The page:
Mormons’ confusion about God’s Justice

We continue our comments on the manuscript sent to us by a Mormon called Stephen.(*) Click here to see the other articles in this series. You can also go to the Mormonism page to find all the articles that are in this refutation of Stephen’s document.


Stephen continues:

Now we can discuss Mercy, Justice, and Atonement.

Finally!… although these should have been studied a long time ago, as we have seen…

Stephen continues:

Why is Justice a universal principle? I finally came to understand it as a police officer.

And if one is not a police officer, then he can’t understand it?… This was a silly way to tell people that you’re a police officer, trying to impress them and to make yourself a source of trustworthy info about justice…

Stephen continues:

No matter how hardened a criminal may be, all people have a sense of justice—as long as it does not necessarily have to apply to them, of course. Is it instinctive? I came to that conclusion. We all empathize with the families of victims of deadly violence who cry out for justice, no matter what their definition of justice may be. And, we are the only “animal” on this planet with this sense of justice. Once animals lose there ability to defend their family, usually their young, their only thought is their own survival, not justice or revenge.

Can we know how this relates to God’s Justice?…

Stephen continues:

So, where did I go to find the balance of Mercy and Justice? As it turned out, the answer was in the Book of Mormon, namely in the Book of Alma.

So you went to a bad source, words of humans, instead of going to the Word of God.

Stephen continues:

It was during Alma’s discourse to his then-errant son, Corianton.

“[A]ccording to justice, the plan of redemption (Salvation) could not be brought about, only (except) on conditions of repentance of men in this probationary state; for except it were for these conditions, mercy could not take effect except it should destroy the work of justice. Now the work of justice could not be destroyed; if so, God would cease to be God.” (Alma 42:13) Alma went on to explain how the Atonement would appease the demands of justice and how this balance of Mercy and Justice made God a Perfect, Just and Merciful God—a God the very elements could respect and obey.

Watch the confusion in this passage: once he says that it is the repentance of man that safeguards the balance between God’s Justice and His Mercy, and once he says that it is the Atonement that keeps this balance… He can’t make up his mind…

Stephen continues:

Amulek, Alma’s missionary companion, taught the Zoramites what was needed for the Atonement.

“[A]ccording to the great plan of the Eternal God there must be an atonement made, . . . a great and last sacrifice; not a sacrifice of man, neither of beast, neither of any manner of fowl; for it shall not be a human sacrifice; but it must be an infinite and eternal sacrifice. [N]othing short of an infinite atonement . . . will suffice for the sins of the world. [A]nd that great and last sacrifice will be the Son of God, yea, infinite and eternal.” (Alma 34:8-15)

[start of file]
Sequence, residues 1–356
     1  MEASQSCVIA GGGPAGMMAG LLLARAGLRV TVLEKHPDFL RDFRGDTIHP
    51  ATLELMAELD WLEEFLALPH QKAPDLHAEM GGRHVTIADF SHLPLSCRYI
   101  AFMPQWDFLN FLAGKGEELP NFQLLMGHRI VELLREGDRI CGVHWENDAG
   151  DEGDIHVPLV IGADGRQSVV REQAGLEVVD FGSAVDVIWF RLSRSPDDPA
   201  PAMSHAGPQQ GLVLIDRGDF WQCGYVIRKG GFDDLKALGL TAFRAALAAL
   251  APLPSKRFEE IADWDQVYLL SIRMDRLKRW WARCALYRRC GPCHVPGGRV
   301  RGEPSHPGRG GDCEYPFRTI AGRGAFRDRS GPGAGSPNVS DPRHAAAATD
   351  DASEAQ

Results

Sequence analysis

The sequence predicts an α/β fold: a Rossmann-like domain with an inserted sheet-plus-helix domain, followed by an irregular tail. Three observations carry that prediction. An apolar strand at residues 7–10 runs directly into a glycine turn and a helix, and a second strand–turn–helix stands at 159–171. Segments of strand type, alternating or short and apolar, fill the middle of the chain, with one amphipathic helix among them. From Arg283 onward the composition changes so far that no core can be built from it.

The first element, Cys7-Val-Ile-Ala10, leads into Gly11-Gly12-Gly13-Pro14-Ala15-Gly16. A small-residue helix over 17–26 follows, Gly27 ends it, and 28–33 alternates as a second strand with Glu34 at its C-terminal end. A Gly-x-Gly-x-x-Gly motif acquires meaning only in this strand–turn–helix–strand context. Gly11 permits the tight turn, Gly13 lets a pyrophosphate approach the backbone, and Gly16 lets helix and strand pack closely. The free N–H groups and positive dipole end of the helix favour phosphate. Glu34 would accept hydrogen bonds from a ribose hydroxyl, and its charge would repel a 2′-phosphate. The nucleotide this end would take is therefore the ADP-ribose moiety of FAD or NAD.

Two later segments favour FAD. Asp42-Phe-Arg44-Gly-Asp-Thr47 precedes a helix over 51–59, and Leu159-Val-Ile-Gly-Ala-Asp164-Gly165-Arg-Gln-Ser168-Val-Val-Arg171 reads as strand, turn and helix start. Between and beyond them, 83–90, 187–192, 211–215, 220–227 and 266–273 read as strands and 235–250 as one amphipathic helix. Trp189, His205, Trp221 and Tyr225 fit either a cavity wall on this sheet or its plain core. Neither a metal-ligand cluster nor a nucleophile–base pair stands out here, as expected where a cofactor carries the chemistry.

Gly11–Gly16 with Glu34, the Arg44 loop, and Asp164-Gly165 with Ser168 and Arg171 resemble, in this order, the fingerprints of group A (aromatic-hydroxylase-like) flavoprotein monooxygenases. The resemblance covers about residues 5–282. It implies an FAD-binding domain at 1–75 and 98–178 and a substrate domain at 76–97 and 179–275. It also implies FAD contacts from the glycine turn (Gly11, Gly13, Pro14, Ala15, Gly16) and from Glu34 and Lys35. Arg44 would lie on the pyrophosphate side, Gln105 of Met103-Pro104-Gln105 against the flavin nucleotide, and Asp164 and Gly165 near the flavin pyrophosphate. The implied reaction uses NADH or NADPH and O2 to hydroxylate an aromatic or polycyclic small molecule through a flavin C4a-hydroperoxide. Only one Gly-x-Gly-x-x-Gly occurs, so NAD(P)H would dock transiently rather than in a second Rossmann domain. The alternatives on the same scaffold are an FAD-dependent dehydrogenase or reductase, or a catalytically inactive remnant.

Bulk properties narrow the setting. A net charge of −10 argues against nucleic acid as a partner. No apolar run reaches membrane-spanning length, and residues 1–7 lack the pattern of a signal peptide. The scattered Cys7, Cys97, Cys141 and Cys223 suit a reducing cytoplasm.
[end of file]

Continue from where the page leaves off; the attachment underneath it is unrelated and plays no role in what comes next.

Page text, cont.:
Do you notice that Stephen has not explained yet WHY this atonement is needed?… You will notice in short how this Atonement is NOT for justice AGAINST sin, but for justice by NOT paying for our sins…

Stephen continues:

But why the need for an Infinite Atonement?

Finally he noticed that he needs to explain this… Look how he will say silly things now…

Stephen continues:

Why could it not be as Nephi of old warned, “[M]any . . . shall say: Eat, drink, and be merry; nevertheless, fear God . . . [A]nd if it so be that we are guilty, God will beat us with a few stripes, and at last we shall be saved in the kingdom of God.” (2 Nephi 28:8)

Do you see how Nephi taught something wrong? Is that how much little God hates sin?…

Stephen continues:

Why could we not pay for our own sins and still be saved? Why the need for a vicarious “infinite and eternal” sacrifice? The difference between a sacrifice by mortal men and that of the Son of God is this:

We have limited control over life.

What does this have to do with the value of our sins??…

Stephen continues:

Eventually, we all die.

And the Bible says that we die because sin entered the world. So why can’t we save ourselves from our sins??

Stephen continues:

Jesus of Nazareth was the only Soul born into mortality capable of doing as the first thief demanded, “If thou be Christ, save thyself and us.”

As the Bible says, Jesus never sinned, so He didn’t need to save Himself from sin. By the way, the thief was not asking Him to save Himself and them from sin, but from biological death on the cross…

How confused…

Stephen continues:

Our sacrifice would be finite—our lives finite. The Savior’s life was infinite.

Why? Because He ALONE is God, while we are not gods by nature?? Does this not contradict your previous philosophy that we all are gods by nature and that our spirits exist from eternity past?… Why is our sacrifice finite? Why are our lives finite?? Are we not gods with eternal souls, as you were philosophizing before?…

Readers can see the confusion of Mormons…

Stephen continues:

He has always had power to glorify Himself without going through the pains of Gethsemane and Golgotha. But He loved us enough to go through it so we too could enjoy the same glory He could have reserved for Himself.

Are we not gods like Him as you said?? Then why do we need Him??

Let’s see if Stephen will even try to explain this dilemma of his…

Grace be with you!
Disciple of Jesus Christ


Posted in: Religious Movements / Mormonism
This is part 28 of the series: Answer to a Mormon’s manuscript

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